Jackson Hole is best known as a tourist spot…

The Wyoming town is home to a world-class ski resort.

It’s also a jumping off point for visits to the Bridger-Teton National Forest.

But Jackson Hole has also found itself at the center of some of the most heated economic debates.

That’s because the world’s most powerful central bank – the Federal Reserve – has held its annual conference there since 1982.

And Fed boss Jay Powell used this year’s event to hammer home his commitment to raising rates to bring down inflation.

Stock market investors didn’t like it one bit.

After a hawkish speech on Friday, the S&P 500 plunged 3.4%. That’s its biggest one-day drop since June 13.

And the tech-heavy Nasdaq fell nearly 4% – its worst trading day since June 16.

So today, we’ll look at why Powell has put the bulls on the back foot again.

And I’ll show you why should treat the Fed’s crusade against inflation with a large dollop of skepticism.

The Fed has jacked up interest rates four times since March…

This has brought its target rate from 0.5% to 2.5%.

But it started warning investors about coming rate hikes last November.

And since then, the economy has fallen into recession… and the S&P 500 has plunged into a bear market.

But Powell says he’s not backing down. As he put it in his speech in Jackson Hole…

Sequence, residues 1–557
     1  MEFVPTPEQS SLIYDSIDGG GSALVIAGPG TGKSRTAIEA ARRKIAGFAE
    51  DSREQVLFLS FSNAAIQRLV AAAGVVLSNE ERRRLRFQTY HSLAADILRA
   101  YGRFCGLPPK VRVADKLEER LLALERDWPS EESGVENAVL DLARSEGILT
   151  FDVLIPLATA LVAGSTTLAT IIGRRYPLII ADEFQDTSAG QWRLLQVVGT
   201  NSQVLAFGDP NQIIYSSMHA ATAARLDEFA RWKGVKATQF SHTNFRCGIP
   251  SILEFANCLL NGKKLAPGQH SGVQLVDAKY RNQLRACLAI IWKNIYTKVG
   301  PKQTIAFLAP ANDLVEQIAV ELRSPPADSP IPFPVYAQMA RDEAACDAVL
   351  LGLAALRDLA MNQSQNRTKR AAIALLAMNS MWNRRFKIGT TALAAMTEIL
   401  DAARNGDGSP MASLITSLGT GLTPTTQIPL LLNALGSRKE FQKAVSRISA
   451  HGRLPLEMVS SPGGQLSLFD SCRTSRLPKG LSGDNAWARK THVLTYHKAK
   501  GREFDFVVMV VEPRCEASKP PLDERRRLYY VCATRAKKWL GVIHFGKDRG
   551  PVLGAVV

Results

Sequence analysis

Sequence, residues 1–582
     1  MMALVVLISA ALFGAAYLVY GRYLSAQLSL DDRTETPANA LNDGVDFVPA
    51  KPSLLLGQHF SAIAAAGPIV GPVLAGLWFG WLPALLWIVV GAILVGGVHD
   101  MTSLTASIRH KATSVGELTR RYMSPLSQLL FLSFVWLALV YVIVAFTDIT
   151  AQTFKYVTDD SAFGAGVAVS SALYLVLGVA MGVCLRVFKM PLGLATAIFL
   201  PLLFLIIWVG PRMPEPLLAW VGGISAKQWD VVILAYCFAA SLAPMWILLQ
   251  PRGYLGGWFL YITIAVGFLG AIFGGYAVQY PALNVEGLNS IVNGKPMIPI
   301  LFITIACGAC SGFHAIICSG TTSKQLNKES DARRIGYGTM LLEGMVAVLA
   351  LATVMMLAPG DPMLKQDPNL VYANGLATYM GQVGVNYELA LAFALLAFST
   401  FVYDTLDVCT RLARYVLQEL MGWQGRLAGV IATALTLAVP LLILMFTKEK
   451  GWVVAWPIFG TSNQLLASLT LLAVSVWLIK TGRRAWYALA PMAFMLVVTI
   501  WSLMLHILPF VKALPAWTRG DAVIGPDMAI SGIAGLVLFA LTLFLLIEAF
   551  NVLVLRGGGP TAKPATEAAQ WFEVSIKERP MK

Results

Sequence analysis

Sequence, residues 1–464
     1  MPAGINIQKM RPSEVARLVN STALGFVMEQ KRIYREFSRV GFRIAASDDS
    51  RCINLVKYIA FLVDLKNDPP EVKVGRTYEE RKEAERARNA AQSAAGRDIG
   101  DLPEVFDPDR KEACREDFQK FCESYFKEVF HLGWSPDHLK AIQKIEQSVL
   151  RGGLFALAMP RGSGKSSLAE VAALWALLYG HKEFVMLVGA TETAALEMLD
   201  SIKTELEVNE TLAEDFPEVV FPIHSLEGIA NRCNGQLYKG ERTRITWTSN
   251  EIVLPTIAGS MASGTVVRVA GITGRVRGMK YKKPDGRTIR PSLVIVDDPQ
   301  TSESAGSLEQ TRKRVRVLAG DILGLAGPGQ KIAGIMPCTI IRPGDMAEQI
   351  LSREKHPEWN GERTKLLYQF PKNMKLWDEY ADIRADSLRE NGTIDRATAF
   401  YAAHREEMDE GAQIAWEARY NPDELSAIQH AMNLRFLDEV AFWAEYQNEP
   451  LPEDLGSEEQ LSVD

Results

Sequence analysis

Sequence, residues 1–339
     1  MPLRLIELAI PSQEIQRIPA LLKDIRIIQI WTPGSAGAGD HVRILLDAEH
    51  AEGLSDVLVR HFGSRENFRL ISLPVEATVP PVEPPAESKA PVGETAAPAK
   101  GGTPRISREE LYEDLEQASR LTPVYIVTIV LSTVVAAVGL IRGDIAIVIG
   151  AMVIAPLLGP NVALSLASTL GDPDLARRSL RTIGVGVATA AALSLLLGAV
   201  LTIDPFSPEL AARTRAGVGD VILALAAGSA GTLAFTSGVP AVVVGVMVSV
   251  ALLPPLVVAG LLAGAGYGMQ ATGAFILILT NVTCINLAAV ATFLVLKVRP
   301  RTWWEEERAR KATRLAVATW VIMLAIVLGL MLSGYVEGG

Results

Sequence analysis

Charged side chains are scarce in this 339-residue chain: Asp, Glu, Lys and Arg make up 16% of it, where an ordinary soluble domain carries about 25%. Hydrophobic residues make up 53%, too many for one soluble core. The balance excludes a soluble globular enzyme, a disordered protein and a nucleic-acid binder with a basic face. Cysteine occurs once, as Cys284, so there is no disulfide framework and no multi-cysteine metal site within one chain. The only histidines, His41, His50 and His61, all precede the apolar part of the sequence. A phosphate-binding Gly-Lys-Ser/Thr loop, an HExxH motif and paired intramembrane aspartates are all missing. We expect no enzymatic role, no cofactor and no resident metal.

While higher interest rates, slower growth, and softer labor market conditions will bring down inflation, they’ll also bring some pain to households and businesses. These are the unfortunate costs of reducing inflation. But a failure to restore price stability would mean far greater pain.

Stock prices have been some of the biggest casualties of rising rates…

Interest rates are a powerful lever for stock market prices. And this makes sense when you think about it…

Every investment you make has an opportunity cost. When you tie up your money in stocks, you’re not investing in other assets.

Wall Street analysts factor this into their models when they’re valuing stocks. They don’t just ask what gains a stock will likely deliver. They also ask what investors are missing out on by having their money in a stock.

That’s why rising interest rates are bearish for the stock market.

The higher the Fed sets rates… the higher the yield you can earn in the bond market. That pushes up the opportunity cost of owning stocks.